In the end, full emancipation would come only through executive action, and even here the route was tortuous. Lincoln had decided as early as July of 1862 to issue an emancipation proclamation, but faced formidable obstacles just in announcing it-- let alone accomplishing it.

At the heart of the problem lay Northern racism, and Lincoln's fear that emancipation would only serve to divide the country further. Northern Democrats and a good number of conservative Republicans did not want to see a racially "amalgamated" society. In the Congressional election year of 1862, Lincoln had to walk a fine line between radical Republicans who criticized him for being too moderate and "appeasing" the South, and conservatives who feared that outright emancipation would degrade the country. The former had the stronger moral argument, and were probably closer to Lincoln in spirit, but the conservatives had the numbers.

Accordingly, Lincoln chose a middle course. He agreed with his advisers that he should withhold an emancipation proclamation until such time as the administration could sweeten the news with military success. After significant Southern defeats at Antietam, Perryville, and Corinth, Lincoln decided that the moment was right. On September 22, 1862, he signed an Emancipation Proclamation that was not absolute, but reflected the still-cautious approach he wanted to take. It called for gradual emancipation in the loyal slave states, encouraged voluntary colonization, and defended emancipation in terms of military necessity. In its conservatism, the Proclamation was politically prudent; in its very existence, however, the document was revolutionary.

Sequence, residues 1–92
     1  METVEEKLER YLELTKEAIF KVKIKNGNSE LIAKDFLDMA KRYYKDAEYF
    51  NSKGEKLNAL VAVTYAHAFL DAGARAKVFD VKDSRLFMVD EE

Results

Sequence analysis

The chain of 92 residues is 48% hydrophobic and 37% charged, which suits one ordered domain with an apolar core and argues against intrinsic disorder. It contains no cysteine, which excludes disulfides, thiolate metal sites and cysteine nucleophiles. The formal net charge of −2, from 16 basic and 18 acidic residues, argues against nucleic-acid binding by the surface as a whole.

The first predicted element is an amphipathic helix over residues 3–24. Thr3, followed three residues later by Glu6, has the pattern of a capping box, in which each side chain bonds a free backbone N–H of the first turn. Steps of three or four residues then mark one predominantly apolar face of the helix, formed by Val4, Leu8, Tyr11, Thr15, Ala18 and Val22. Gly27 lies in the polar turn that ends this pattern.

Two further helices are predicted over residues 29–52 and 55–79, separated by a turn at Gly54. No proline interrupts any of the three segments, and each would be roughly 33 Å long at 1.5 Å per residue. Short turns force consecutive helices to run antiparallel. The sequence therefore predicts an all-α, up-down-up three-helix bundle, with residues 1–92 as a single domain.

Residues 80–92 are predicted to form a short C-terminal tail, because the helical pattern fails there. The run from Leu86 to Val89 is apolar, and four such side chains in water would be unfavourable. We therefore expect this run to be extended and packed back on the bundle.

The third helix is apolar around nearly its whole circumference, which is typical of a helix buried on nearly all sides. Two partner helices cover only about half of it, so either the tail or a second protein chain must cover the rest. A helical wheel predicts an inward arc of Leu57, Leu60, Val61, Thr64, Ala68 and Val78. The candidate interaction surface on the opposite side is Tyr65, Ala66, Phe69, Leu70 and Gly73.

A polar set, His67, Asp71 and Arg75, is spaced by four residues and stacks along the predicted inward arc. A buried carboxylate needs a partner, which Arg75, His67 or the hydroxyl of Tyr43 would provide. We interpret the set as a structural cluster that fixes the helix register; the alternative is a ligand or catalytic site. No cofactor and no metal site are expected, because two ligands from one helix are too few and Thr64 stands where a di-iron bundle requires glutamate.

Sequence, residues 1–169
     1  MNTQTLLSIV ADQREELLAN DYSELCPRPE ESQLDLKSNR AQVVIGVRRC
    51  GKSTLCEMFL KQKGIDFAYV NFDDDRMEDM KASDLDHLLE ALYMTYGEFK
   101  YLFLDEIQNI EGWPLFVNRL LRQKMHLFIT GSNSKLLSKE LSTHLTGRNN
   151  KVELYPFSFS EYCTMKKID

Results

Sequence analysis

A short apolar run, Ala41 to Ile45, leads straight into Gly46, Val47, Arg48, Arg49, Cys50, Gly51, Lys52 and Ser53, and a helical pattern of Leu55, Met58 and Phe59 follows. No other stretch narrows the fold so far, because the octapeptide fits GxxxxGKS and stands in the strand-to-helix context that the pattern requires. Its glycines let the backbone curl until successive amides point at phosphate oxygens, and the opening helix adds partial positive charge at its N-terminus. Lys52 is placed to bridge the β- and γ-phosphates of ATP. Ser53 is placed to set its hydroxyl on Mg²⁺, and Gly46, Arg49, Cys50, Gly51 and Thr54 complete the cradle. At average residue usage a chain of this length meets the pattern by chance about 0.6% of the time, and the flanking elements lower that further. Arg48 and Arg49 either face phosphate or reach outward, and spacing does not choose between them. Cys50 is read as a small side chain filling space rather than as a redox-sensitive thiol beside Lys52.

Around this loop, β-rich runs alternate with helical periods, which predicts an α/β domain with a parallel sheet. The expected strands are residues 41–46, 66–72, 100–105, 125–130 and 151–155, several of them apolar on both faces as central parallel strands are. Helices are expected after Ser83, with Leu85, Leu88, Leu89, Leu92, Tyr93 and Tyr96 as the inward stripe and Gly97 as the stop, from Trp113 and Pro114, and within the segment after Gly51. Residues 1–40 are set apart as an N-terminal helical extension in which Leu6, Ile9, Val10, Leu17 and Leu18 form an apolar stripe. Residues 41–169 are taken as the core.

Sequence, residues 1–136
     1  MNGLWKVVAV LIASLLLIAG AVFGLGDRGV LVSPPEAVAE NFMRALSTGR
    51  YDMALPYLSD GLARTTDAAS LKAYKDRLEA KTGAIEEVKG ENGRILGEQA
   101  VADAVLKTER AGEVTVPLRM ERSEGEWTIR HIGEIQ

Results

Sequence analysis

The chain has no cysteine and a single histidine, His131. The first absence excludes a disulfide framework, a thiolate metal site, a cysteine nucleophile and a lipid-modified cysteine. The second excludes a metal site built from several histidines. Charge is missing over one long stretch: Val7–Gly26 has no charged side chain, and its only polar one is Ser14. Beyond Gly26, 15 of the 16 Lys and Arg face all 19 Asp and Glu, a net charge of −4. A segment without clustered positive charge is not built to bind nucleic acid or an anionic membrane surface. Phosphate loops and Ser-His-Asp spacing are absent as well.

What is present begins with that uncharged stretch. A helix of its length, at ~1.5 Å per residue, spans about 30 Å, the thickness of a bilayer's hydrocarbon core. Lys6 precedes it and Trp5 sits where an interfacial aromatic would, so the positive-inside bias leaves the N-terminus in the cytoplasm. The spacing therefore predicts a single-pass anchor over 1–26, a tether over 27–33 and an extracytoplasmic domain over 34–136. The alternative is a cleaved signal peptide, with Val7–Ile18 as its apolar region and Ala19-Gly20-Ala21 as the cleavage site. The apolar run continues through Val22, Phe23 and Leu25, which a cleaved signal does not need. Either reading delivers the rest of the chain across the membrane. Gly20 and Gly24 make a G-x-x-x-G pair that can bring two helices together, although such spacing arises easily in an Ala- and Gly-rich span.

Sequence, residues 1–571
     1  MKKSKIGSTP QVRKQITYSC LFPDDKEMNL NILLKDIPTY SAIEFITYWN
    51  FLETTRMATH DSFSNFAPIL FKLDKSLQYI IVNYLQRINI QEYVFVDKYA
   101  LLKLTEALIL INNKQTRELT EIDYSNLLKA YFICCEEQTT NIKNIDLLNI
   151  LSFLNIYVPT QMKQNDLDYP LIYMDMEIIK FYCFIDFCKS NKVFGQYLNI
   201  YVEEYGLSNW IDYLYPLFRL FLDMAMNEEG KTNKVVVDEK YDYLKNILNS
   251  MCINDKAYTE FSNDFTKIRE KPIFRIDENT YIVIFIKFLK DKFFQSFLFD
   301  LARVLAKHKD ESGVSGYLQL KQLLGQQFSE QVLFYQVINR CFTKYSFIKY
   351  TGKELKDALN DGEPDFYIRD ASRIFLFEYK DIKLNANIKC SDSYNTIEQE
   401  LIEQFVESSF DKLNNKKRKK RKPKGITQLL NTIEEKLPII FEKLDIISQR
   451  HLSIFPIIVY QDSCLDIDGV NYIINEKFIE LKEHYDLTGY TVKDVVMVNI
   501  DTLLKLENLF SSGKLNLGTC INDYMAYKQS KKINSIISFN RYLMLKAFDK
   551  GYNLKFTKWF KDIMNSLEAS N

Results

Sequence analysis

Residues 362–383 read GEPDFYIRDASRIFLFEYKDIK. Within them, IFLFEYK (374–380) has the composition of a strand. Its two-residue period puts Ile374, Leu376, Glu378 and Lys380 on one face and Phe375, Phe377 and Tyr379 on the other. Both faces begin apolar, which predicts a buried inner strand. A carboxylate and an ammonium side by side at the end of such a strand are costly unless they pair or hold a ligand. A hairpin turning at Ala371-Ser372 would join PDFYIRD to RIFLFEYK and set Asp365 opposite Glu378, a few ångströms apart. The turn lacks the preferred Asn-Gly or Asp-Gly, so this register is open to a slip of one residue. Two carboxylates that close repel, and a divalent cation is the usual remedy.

Nevertheless, Republicans were convinced that the only way to guarantee the absolute and permanent destruction of slavery in America was through a Constitutional amendment, rather than more tenuous Congressional or state action. On January 31, 1865, with the end of the Confederacy in sight, Congress voted to adopt the Thirteenth Amendment, with sixteen of eighty Democratic votes providing the margin of victory. By the end of the year, the Amendment had been ratified by all the states save Delaware, Kentucky and Texas.